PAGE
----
Appraisals present another challenge. In December 2020, FHA issued a mortgagee letter recognizing a difference between CrossMod and traditional MH for appraisal purposes. As a result, FHA appraisers may include site-built comparables if fewer than two comparable MH Advantage or CHOICEHome sales are available. This appraisal allowance was already acceptable for conventional GSE financing.
“But just because that mortgagee letter is out there doesn't mean that an appraiser is aware of it," Arp said.
Based on his banking experience, Arp uses accepted appraisal adjustments to piece together a comparative market analysis for appraisers. He spends considerable time making sure comparable sales support the required sales price he is targeting.
“If they don't have the knowledge of how to appraise a CrossMod, then no one can buy these products," he said.
Developer Skills Affect Affordability
Arp thinks developers who have a more diverse background and skillset will be much more adept at producing the most affordable CrossMod product.
“It's difficult for any MH developer to be diversified," he said. “All MH purchases require a retailer's license, but a retailer generally can't do the land development. A licensed installer, or a subcontractor working under one, is then responsible for installing the foundation, septic system, and so forth.
“I also believe that if the developer pursues a production homebuilder sales model, with a model home and inventory to show, the product will explain itself. The lower collateral risk that allows Fannie and Freddie to remove cost surcharges such as points stems from the increased marketability of CrossMods. That increased marketability results in higher product acceptance from consumers. I don't think the industry will ever be successful trying to pursue a scattered-site development model where the home is shown at a MH dealership and sold to be put on a homeowner's vacant lot. It needs to be shown in the environment in which it will be placed as a finished product."
Counties also have subdivision regulations that developers must be familiar with.
“An example is sewer treatment," Arp said. “Unless you want to build a treatment facility, which is a lengthy process with the Texas Commission on Environmental Quality, you will need to be familiar with the state requirement for septic tanks."
A civil engineer must also be involved in the project to address issues such as drainage and watersheds. Drainage requirements will come from the area's floodplain administrator who will require an inundation study examining watersheds crossing the property. The civil engineer must come up with a plan to show impact on adjoining neighbors and homeowners.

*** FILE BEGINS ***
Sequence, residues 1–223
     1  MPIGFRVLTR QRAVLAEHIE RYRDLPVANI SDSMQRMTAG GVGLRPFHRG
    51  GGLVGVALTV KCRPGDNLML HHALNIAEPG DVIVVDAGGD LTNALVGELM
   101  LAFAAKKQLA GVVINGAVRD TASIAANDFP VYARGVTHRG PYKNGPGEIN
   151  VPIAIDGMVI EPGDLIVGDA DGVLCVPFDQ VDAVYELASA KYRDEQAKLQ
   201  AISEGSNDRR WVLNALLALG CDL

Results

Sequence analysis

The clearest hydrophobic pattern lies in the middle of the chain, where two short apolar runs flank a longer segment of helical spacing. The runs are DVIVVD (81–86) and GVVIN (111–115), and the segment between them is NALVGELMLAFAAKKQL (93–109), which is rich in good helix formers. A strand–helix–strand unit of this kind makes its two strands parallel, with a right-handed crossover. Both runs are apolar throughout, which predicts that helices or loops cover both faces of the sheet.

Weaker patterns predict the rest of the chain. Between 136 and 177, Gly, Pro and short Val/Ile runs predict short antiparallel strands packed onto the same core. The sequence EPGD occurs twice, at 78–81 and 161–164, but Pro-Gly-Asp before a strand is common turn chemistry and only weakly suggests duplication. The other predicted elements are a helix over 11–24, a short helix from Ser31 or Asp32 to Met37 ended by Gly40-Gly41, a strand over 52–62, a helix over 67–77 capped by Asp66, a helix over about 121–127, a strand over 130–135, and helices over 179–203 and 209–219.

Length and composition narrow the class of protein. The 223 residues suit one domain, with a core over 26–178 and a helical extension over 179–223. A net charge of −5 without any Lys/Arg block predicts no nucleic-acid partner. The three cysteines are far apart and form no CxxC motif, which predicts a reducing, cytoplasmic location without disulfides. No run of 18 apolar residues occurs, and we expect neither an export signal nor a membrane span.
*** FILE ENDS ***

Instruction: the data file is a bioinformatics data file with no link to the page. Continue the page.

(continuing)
Arp thinks there doesn't have to be as much homebuyer education if the product is on the ground to view in person.
“The home will speak for itself," he said. “If you follow the guidelines, especially frontal elevation to make it look more like a site-built home, product adoption is immediate. The reality is a developer must find the right piece of land in the right configuration at the right price with the right utilities to the site."
In a 50-mile radius, he might find one piece of land that fits all those requirements.
“It could easily be a year to 18 months from the beginning of this process to selling the first house," Arp said.
Arp also drew up his own homeowners' association rules as well as a 60-page builder's contract.
“We are taking three separate components and, at the time of closing, putting them all together: a garage that is constructed on site, the CrossMod house, and the land," he said.
Arp notes there are separate disclosures and warranties to be considered.
“The garage technically has a separate warranty from the house," he said. “The CrossMod manufacturer will warranty the actual house. The foundation has a totally separate warranty as well."
Not for All Developers
Developing CrossMods won't be for everyone. Arp summed it up well in a February 25, 2021, podcast for ManufacturedHomes.com.
“Developers are going to want to see my books," he said. “They have all done their own proformas, modeling, and market research. However, unless they identify some of the key efficiencies not currently being exploited by MH retailers pursuing a scattered-site model, CrossMod just won't make sense.
“The key here is to build a product that is visually competitive with an entry level site-built house that remains as affordable as possible. When you exit the affordable segment, you lose that market share where MH could triple the size of the industry in the next six or seven years with enough market participants. You can't be a horizontal developer/land man who wants to outsource everything and then participate in the affordable sector."
Arp believes developers will have to get creative to develop the right efficiencies.
“Some of the savings have to be passed on to the consumer," he said. “We will probably have to offer the buyer an 8 to 10 percent savings over the site-built homes being offered by production homebuilders to initially gain wide acceptance of CrossMods."
Dr. Hunt (firstname.lastname@example.org) is a research economist with the Texas Real Estate Research Center at Texas A&M University.